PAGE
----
The Home Office have offered a lifeline to the family of a boy with a rare severe form of epilepsy which is relieved with cannabis medication at present illegal in the UK.
After MPs from all parties called for six-year-old Alfie Dingley from Warwickshire to be allowed to take the medicinal cannabis that eased his severe epileptic fits when the family went to Holland, Home Office Minister Nick Hurd promised to visit the family this week.
The Minister had faced calls from MPs to help parents Hannah Deacon and Drew Dingley, who asked to be able to legally treat their son with the drug, illegal in the UK, but which reduced the severity and frequency of Alfie’s fits from weekly to once a month.
On some days Alfie could suffer up to 30 seizures in one day, and he is said to face psychosis and a curtailed lifespan if relying on the steroid-based treatment he received before travelling to the Netherlands.
Last week Nick Hurd refused calls from MPs to allow the family to treat their son with a drug that had proven to help him. And Labour MP Paul Flynn’s Private Member’s Bill to pave the way for decriminalising medicinal cannabis was talked out last Friday so MPs were denied the chance for a free vote on it.
But reports are emerging that the Home Office is set to consider allowing a medical cannabis trial to treat the six-year-old in this high-profile case.
Despite having previously turned the family down, the BBC reports that the Home Office is “exploring every option”, following Nick Hurd’s meeting with Alfie’s parents on Monday.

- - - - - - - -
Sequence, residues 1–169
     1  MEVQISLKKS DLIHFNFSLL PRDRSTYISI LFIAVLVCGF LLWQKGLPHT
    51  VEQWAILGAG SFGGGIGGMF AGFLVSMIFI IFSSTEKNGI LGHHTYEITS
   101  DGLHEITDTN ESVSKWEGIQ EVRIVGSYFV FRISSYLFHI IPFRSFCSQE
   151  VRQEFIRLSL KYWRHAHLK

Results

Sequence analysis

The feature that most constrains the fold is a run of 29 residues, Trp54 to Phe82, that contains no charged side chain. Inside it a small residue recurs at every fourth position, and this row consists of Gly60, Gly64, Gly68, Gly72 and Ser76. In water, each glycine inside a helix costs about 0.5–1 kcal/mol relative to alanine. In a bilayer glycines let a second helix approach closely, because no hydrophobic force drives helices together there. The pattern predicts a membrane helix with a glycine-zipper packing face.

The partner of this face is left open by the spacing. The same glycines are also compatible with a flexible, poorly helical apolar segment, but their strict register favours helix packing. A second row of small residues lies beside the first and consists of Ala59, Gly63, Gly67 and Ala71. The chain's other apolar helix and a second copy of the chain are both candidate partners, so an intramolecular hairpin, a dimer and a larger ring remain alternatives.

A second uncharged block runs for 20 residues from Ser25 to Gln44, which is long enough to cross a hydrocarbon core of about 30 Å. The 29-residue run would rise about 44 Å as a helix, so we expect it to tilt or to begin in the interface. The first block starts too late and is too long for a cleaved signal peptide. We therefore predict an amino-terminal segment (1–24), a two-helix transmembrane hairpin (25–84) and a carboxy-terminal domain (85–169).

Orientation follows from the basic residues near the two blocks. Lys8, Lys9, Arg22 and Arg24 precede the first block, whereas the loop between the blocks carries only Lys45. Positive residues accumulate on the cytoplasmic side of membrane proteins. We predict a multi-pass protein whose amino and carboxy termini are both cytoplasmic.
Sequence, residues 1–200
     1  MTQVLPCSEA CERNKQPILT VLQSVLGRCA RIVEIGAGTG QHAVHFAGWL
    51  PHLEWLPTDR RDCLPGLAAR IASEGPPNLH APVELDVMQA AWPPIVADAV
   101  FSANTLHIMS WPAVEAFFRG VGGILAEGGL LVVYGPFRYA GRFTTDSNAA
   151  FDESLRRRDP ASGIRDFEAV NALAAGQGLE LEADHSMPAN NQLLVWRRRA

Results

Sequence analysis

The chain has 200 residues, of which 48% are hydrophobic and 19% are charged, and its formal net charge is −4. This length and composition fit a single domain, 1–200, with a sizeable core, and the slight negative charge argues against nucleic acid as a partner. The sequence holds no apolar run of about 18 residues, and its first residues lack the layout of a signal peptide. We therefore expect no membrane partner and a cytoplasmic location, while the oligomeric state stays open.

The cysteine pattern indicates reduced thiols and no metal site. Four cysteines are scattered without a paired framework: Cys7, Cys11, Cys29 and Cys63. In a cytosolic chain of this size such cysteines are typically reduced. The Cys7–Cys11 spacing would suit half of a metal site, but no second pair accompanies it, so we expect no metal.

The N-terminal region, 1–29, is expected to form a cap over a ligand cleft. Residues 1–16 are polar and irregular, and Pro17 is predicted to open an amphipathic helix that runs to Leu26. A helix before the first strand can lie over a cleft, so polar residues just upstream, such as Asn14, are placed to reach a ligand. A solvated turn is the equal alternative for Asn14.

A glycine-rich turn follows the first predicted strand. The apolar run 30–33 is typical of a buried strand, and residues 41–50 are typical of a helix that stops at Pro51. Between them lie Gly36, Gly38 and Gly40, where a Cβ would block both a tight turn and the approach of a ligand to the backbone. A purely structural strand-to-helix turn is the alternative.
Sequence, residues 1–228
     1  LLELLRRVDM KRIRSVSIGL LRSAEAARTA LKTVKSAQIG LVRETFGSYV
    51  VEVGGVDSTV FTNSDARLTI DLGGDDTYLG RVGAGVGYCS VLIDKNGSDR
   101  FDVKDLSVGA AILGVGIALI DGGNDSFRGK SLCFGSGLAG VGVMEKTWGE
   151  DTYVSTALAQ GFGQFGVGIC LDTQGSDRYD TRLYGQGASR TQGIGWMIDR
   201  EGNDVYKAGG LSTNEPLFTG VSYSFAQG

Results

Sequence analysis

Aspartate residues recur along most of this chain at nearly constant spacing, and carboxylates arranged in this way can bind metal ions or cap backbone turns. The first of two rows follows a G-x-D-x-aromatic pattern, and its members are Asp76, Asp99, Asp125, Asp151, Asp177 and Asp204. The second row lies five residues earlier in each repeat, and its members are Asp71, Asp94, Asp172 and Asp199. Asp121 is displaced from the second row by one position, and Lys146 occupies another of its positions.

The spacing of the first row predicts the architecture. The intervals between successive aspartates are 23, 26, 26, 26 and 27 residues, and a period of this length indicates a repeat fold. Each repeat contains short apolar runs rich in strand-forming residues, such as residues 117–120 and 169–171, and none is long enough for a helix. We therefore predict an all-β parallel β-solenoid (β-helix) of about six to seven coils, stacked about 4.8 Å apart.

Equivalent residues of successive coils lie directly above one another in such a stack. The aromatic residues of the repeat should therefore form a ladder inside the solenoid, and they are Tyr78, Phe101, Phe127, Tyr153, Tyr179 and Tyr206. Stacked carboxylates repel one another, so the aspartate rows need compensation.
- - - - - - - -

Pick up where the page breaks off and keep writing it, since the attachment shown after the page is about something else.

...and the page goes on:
And that though “no decisions have been made”, this includes a three-month trial, led by Alfie’s doctors, based on “sufficient and rigorous evidence”.
Alfie’s mother Hannah Deacon told The London Economic, “we are delighted at the sincere offer that has been made by the Home Office and we hope we can make it work quickly so we can keep Alfie safe and he can access the medication he needs as urgently as possible.”
Speaking in the House of Lords last week, Health minister Baroness Williams had hinted that some exception to UK laws might be made, saying “every option is being considered” by ministers.
She said there was “huge amount of sympathy” for Alfie and his family and that the policing minister and home secretary “want to explore every option within the current regulatory framework including issuing a licence”, under section 30 of the Misuse of Drugs Act 1971.
A Home Office spokesperson said: “The Government has a huge amount of sympathy for the rare and difficult situation that Alfie and his family are faced with.
“The Policing Minister wants to explore every option and has met with Alfie’s family to discuss treatments that may be accessible for him.
“No decisions have been made and any proposal would need to be led by senior clinicians using sufficient and rigorous evidence.”
Alfie’s mother Hannah Deacon praised the “sincere offer because they want to help us”.
A three-month trial would end around the time that MP Paul Flynn’s private member’s bill to legalise medical use returns to the House of Commons on July 6.